Dignity in care - learning from community matrons and patients

SAVE ITEM
case-study

09 / 08 / 2012

The organisation

What we did and why

How we did it 

Results and next steps

Next steps

Contact details

 

The organisation

NHS Central Lancashire is a primary care trust (PCT) responsible for managing local health services, such as general practitioners (GP’s) dentists, opticians and pharmacists and works closely with local hospitals and social services and other local authorities to commission and provide high quality healthcare for people in their community. The PCT employs approximately 2,500 staff and serves approximately 460,000 people.

What we did and why

The challenge for the PCT was the Equality Act in 2010 and in particular the duty around age which established a new legal duty on public bodies to have due regard to the need to eliminate discrimination, advance equality of opportunity and foster good relations in the exercise of its functions in relation to eight protected characteristics, including age.

This context was the backdrop for a project focused on older age members of the community through promoting dignity in care for those people with long term conditions who were unable to leave their homes without assistance. The overarching project aim was to understand the reality of service experience for both staff and patients through eliciting views and taking a snapshot of their experience.

The objective of the project was to review the extent to which existing practice achieves the following:

  • NHS values such as dignity, respect and equality are put into practice.
  • Services and procedures are designed to put the human at the heart of healthcare.
  • Staff and commissioned providers are effectively supported to fulfil their specific duties under the equalities legislation.

How we did it

The PCT decided to adopt a human rights based approach based around four elements to treating people with dignity:

  • Behaving as though all people have equal human value, by valuing their views and wants, even if practitioners cannot follow all users’ wishes.
  • Helping people to have self-respect, by helping people manage as much as possible their own affairs and remain in control of decisions.
  • Helping people to have autonomy, by helping them to do things on their own and to make choices where possible.
  • Promoting a ‘positive mutuality’, including supporting their relationships with others, and encouraging positive attitudes to doing things with other people Chan (2004).

The PCT sent 253 questionnaires to patients and staff and 122 responses were received (48%). NHS Central Lancashire PCT received 17 of the 26 questionnaires (65%) from the Community Matrons and 105 of the 227 questionnaires (47%) from their patients.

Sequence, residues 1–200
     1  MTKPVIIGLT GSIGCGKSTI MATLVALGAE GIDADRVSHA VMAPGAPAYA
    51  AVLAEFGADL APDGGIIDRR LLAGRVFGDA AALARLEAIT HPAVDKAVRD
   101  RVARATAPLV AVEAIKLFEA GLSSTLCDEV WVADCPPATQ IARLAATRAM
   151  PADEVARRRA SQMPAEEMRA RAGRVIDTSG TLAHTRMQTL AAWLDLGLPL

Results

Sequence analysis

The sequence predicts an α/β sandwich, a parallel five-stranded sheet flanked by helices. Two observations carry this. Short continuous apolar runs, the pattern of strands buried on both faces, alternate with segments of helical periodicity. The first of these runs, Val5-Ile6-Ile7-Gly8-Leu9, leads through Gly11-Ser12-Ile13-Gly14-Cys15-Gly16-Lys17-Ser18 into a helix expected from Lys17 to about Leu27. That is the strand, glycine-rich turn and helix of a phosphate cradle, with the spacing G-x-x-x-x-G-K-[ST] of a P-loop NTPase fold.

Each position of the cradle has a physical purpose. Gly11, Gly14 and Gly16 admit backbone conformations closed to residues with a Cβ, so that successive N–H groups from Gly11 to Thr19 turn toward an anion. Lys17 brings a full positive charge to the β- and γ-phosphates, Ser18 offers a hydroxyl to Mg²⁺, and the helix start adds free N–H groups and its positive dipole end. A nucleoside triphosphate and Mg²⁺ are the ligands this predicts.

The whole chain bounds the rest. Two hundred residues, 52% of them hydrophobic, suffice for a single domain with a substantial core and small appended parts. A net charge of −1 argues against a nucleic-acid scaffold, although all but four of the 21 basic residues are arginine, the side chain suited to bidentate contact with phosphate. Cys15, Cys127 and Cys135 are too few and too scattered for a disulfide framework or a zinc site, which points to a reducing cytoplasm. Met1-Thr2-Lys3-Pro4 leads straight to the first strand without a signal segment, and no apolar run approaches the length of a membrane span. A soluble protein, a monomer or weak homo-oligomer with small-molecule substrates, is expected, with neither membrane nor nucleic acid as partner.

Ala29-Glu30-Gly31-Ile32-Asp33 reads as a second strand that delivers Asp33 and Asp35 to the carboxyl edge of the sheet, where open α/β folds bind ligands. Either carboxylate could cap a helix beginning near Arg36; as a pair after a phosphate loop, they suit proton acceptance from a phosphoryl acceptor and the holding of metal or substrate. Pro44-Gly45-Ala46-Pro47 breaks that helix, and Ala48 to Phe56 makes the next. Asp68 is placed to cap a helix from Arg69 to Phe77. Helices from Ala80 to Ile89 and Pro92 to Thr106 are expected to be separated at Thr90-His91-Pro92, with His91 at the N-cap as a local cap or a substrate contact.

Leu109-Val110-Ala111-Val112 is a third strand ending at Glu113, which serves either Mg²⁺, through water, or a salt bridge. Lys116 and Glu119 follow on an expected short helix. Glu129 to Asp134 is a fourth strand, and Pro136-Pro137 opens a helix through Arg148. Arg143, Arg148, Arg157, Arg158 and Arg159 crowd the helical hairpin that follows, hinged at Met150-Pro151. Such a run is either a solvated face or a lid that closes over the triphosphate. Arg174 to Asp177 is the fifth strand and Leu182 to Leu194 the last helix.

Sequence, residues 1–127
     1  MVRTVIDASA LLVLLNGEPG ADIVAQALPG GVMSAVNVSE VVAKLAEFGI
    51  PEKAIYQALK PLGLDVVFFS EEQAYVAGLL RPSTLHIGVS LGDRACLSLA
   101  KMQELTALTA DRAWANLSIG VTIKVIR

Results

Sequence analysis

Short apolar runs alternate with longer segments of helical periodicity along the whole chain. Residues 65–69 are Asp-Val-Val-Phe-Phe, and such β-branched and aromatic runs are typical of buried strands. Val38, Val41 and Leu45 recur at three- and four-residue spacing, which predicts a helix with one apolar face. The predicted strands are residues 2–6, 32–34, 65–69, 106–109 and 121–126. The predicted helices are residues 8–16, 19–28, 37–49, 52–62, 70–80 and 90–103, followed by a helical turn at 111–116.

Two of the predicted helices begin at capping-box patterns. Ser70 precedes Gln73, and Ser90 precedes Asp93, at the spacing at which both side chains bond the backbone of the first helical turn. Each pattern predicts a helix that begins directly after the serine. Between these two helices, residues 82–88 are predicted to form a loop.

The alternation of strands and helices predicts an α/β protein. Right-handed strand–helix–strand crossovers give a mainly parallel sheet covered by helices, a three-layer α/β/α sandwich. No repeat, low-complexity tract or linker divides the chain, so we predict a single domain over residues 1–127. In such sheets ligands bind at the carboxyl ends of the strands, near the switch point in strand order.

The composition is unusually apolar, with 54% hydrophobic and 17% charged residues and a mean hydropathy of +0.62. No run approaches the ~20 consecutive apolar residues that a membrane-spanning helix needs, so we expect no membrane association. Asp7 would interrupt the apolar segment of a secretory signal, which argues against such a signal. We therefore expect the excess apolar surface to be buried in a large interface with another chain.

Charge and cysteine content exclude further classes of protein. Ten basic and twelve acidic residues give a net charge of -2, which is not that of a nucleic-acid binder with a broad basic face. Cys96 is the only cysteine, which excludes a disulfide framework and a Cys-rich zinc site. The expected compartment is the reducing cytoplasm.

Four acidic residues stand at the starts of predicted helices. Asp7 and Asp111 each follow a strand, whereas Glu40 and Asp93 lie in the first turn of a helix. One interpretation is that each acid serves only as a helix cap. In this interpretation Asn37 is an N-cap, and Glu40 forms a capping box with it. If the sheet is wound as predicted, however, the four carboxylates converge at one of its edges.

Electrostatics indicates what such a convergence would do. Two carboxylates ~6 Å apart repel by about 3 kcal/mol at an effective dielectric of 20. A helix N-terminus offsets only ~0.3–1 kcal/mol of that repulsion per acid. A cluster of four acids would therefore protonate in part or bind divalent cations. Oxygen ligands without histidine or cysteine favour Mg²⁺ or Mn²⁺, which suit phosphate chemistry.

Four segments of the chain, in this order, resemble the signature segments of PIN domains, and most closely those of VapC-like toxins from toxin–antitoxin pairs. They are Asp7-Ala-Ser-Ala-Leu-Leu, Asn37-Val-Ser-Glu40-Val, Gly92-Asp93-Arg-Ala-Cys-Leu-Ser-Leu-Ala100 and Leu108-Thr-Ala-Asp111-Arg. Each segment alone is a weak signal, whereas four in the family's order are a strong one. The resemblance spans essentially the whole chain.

In addition the following tasks were undertaken:

  • Workshops were held to develop patient letters, information leaflet and questionnaires (patients and staff).
  • People identified who accessed Community Matron Services to ascertain their experiences and the experience of staff delivering this service.  
  • The Community Matron caseload evaluated to identify specific target groups to pilot this programme e.g. black and minority ethnic people, people who are housebound and people with long term conditions. 
  • Independent staff identified to facilitate the questionnaires with the Computer Research and Technology (CRT) system.

The results and next steps

The questionnaire and workshops revealed the following feedback:

Areas for development

The survey revealed a concern over lack of knowledge around cultural issues such as religion and belief.

Good Practice

  • Patients feel that they are valued and respected. Evidence suggest that staff have consistency demonstrated respect, through viewing patients as human beings and individuals, and demonstrated by courtesy, good communication and taking time.
  • Communication between staff and patients is clear, transparent and respects their individuality. Evidence suggests that 84 per cent of patients feel that community matrons show respect for their religious and cultural belief when discussing nutrition. This seems to suggest that patients and communities are provided with appropriate communications and support from staff and information about services - and that patients are able to make informed choices.
  • Pro active patient care encourages privacy, dignity, and modesty - through communication and relationships, choice, privacy and hygiene. Of those surveyed, 96 per cent of patients felt that their individual wishes were respected. This suggests that patients report positive experiences where they are listened to and respected and the services they receive are safe, effective and personalised to their specific needs.

Next Steps

The learning has been shared with the PCT, NHS North West, the collaborative group, Age Concern and the Picker Institute.

Contact details

Dawn Clarke
Programme Manager Equality and Diversity
Dawn.Clarke@centrallancashire.nhs.uk

01772 644489

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